162. Seitz MJ, Köster G (2012) Natural discretization of pedestrian movement in continuous space. Phys Rev E 86:046108CrossRefGoogle Scholar
  163. Seyfried A, Steffen B, Klingsch W, Boltes M (2005) The fundamental diagram of pedestrian movement revisited. J Stat Mech 2005:P10002CrossRefGoogle Scholar
  164. Seyfried A, Steffen B, Lippert T (2006) Basics of modelling the pedestrian flow. Physica A 368:232–238CrossRefGoogle Scholar
  165. Seyfried A, Rupprecht T, Passon O, Steffen B, Klingsch W, Boltes M (2007) Capacity estimation for emergency exits and bootlenecks. In: Interflam 2007 – conference proceedingsGoogle Scholar
  166. Seyfried A, Portz A, Schadschneider A (2010a) Phase coexistence in congested states of pedestrian dynamics. Lect Notes Comp Sci 6350:496zbMATHCrossRefGoogle Scholar
  167. Seyfried A, Boltes M, Kähler J, Klingsch W, Portz A, Rupprecht T, Schadschneider A, Steffen B, Winkens A (2010b) Enhanced empirical data for the fundamental diagram and the flow through bottlenecks. In: Klingsch W et al (eds) Pedestrian and evacuation dynamics 2008. Springer, Berlin/Heidelberg, pp 145–156CrossRefGoogle Scholar
  168. Shi X, Ye Z, Shiwakoti N, Li Z (2015) A review of experimental studies on complex pedestrian movement behaviors. In: CICTP 2015, pp 1081–1096Google Scholar
  169. Shiwakoti N, Gong Y, Shi X, Ye Z (2015a) Examining influence of merging architectural features on pedestrian crowd movement. Saf Sci 75:15–22CrossRefGoogle Scholar
  170. Shiwakoti N, Shi X, Zhirui Y, Wang W (2015b) Empirical study on pedestrian crowd behaviour in right angled junction. In: 37th Australasian Transport Research Forum (ATRF)Google Scholar
  171. Sieben A, Schumann J, Seyfried A (2017) Collective phenomena in crowds – where pedestrian dynamics need social psychology. PLoS One 12:1–19CrossRefGoogle Scholar
  172. Sime JD (1990) Chapter. 5. The concept of panic. In: Canter D (ed) Fires and human behaviour, vol 1. Wiley, London, pp 63–81Google Scholar
  173. Song W, Ma J, Fu L (2017) Proceedings of pedestrian and evacuation dynamics 2016. Collective Dyn 1(0):618Google Scholar
  174. Steffen B, Seyfried A (2010) Methods for measuring pedestrian density, flow, speed and direction with minimal scatter. Physica A 389:1902–1910CrossRefGoogle Scholar
  175. Stuart D, Christensen K, Chen A, Kim YS, Chen Y (2013) Utilizing augmented reality technology for crowd pedestrian analysis involving individuals with disabilities. In: ASME 2013 international design engineering technical conferences and computers and information in engineering conferenceGoogle Scholar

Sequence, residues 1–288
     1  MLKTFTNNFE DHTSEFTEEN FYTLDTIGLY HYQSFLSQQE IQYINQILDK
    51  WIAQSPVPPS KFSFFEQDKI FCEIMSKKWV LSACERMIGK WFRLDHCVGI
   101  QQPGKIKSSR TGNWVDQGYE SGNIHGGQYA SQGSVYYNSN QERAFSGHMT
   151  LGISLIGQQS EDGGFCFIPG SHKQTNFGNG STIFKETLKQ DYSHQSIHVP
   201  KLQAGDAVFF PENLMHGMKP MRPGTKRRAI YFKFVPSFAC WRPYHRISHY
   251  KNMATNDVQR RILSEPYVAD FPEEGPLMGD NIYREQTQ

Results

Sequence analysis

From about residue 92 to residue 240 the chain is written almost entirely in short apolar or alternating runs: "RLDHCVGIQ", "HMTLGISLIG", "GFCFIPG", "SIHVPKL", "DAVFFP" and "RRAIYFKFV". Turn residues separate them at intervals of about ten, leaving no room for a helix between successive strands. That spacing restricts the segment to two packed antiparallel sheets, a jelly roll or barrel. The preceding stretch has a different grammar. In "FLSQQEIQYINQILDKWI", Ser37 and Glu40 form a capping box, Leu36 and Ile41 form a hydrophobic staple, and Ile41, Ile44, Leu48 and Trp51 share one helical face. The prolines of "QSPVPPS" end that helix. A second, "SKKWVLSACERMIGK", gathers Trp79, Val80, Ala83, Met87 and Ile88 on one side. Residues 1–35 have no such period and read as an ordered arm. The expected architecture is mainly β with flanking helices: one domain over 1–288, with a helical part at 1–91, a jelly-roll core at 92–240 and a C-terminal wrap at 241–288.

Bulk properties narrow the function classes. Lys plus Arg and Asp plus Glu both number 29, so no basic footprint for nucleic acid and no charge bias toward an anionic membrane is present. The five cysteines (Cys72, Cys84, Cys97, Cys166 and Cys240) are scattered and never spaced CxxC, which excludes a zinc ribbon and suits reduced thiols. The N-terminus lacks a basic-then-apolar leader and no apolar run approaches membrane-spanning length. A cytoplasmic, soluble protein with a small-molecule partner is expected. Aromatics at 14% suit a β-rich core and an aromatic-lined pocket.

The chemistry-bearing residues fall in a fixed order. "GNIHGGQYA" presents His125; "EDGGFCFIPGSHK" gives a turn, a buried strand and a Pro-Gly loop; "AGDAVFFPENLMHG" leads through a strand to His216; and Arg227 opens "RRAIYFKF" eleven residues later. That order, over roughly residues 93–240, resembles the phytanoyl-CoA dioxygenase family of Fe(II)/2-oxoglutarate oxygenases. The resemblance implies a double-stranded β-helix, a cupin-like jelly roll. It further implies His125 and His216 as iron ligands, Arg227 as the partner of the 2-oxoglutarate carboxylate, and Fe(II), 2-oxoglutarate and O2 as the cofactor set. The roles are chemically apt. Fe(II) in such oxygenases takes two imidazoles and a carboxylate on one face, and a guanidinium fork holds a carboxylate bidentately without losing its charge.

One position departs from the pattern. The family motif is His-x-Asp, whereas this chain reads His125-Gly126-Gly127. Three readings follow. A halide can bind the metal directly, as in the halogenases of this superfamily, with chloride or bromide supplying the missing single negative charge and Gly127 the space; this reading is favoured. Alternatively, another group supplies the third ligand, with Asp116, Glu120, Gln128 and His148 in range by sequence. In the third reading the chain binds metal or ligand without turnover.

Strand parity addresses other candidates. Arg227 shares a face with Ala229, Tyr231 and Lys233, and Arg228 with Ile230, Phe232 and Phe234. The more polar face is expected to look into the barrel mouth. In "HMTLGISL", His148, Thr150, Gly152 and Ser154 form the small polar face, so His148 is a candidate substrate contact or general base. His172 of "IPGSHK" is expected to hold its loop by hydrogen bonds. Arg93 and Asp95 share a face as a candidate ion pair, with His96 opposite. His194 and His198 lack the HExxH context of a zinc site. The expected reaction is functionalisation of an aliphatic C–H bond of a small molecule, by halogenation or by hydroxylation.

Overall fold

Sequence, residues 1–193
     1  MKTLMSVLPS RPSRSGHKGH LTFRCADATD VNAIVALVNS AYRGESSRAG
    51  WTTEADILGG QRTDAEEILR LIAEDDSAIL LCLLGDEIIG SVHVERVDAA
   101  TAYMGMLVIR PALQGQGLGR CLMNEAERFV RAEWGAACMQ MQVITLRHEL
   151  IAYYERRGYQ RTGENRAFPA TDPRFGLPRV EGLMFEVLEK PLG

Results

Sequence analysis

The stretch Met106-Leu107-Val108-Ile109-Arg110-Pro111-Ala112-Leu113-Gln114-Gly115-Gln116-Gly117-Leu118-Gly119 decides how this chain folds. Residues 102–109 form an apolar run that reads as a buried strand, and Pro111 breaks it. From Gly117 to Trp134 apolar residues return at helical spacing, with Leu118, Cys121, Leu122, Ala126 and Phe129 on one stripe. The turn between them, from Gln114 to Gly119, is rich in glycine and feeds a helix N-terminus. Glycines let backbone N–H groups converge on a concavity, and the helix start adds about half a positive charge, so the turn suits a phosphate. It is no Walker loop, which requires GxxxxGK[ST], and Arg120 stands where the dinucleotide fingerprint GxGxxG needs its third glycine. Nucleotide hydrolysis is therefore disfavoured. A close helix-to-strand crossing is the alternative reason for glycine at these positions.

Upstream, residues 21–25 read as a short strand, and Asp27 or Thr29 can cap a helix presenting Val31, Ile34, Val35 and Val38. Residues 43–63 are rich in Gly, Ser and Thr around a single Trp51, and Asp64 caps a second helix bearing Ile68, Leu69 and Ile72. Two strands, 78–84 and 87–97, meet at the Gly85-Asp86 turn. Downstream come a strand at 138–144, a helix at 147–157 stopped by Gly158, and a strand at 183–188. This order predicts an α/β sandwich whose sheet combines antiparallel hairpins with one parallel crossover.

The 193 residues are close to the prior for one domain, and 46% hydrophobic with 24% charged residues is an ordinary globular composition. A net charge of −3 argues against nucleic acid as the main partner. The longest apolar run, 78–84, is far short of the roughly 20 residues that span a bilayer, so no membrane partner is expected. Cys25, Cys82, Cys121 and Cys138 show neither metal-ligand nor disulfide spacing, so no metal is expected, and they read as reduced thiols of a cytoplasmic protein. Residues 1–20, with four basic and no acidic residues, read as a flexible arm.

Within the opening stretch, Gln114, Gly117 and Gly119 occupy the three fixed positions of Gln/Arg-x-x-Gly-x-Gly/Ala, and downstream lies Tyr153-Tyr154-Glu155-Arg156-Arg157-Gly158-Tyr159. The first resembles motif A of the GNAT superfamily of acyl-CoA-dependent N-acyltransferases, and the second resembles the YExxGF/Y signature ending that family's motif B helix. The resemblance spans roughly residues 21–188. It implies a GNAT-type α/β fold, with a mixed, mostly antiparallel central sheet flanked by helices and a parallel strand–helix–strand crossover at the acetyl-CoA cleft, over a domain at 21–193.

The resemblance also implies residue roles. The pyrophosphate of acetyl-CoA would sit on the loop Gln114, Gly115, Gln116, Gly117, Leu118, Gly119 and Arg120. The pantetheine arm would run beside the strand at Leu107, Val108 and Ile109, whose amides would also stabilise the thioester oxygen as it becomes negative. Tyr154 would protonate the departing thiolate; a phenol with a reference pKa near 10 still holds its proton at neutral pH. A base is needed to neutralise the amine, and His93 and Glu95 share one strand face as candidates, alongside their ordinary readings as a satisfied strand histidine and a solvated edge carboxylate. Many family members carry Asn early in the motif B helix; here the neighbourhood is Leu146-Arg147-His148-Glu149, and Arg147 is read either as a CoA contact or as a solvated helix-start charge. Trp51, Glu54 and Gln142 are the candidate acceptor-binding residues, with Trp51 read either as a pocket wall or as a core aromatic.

176. Sun J, Lu S, Lo S, Ma J, Xie Q (2018) Moving characteristics of single file passengers considering the effect of ship trim and heeling. Physica A 490:476CrossRefGoogle Scholar
  177. Tanaboriboon Y, Hwa SS, Chor CH (1986) Pedestrian characteristics study in singapore. J Transp Eng 112:229–235CrossRefGoogle Scholar
  178. Teixeira T, Dublon G, Savvides A (2010) A survey of human-sensing: methods for detecting presence, count, location, track, and identity. ACM Comput Surv 5:1Google Scholar
  179. Templer JA (1992) The staircase: studies of hazards, falls, and safer design. The MIT Press, Cambridge, MAGoogle Scholar
  180. Thompson PA, Marchant EW Simulex; developing new computer modelling techniques for evaluation. In: Kashiwagi T (ed) Fire safety science – proceedings of the fourth international symposium (Interscience Communications Ltd, West Yard House, Guildford Grove, London, 1994). The International Association for Fire Safety Science, pp 613–624. ISBN:1-88627-900-4Google Scholar
  181. Tian W, Song W, Ma J, Fang Z, Seyfried A, Liddle J (2012) Experimental study of pedestrian behaviors in a corridor based on digital image processing. Fire Saf J 47:8–15CrossRefGoogle Scholar
  182. Tomoeda A, Yanagisawa D, Nishinari K (2015) Escape velocity of the leader in a queue of pedestrians. In: Traffic and granular flow 2013. Springer, Berlin/Heidelberg, pp 213–218Google Scholar
  183. Transportation Research Board (2000) Highway capacity manual. Technical report, Transportation Research Board, Washington, DCGoogle Scholar
  184. Tsuji Y (2003) Numerical simulation of pedestrian flow at high densities. In: Galea ER (ed) Pedestrian and evacuation dynamics 2003. CMS Press, London, p 27Google Scholar
  185. van Oosterhout T, Englebienne G, Kröse B (2015) RARE: people detection in crowded passages by range image reconstruction. Mach Vis Appl, 26(5):561–573Google Scholar
  186. von Sivers I, Köster G (2015) Dynamic stride length adaptation according to utility and personal space. Transp Res B Methodol 74:104–117CrossRefGoogle Scholar
  187. Waldau N, Gattermann P, Knoflacher H, Schreckenberg M (eds) (2006) Pedestrian and evacuation dynamics 2005. Springer, BerlinGoogle Scholar
  188. Wardrop J (1952) Some theoretical aspects of road traffic research. Proc Inst Civ Eng 1:325–362Google Scholar
  189. Weckman LS, Mannikkö S (1999) Evacuation of a theatre: exercise vs calculations. Fire Mater 23:357–361CrossRefGoogle Scholar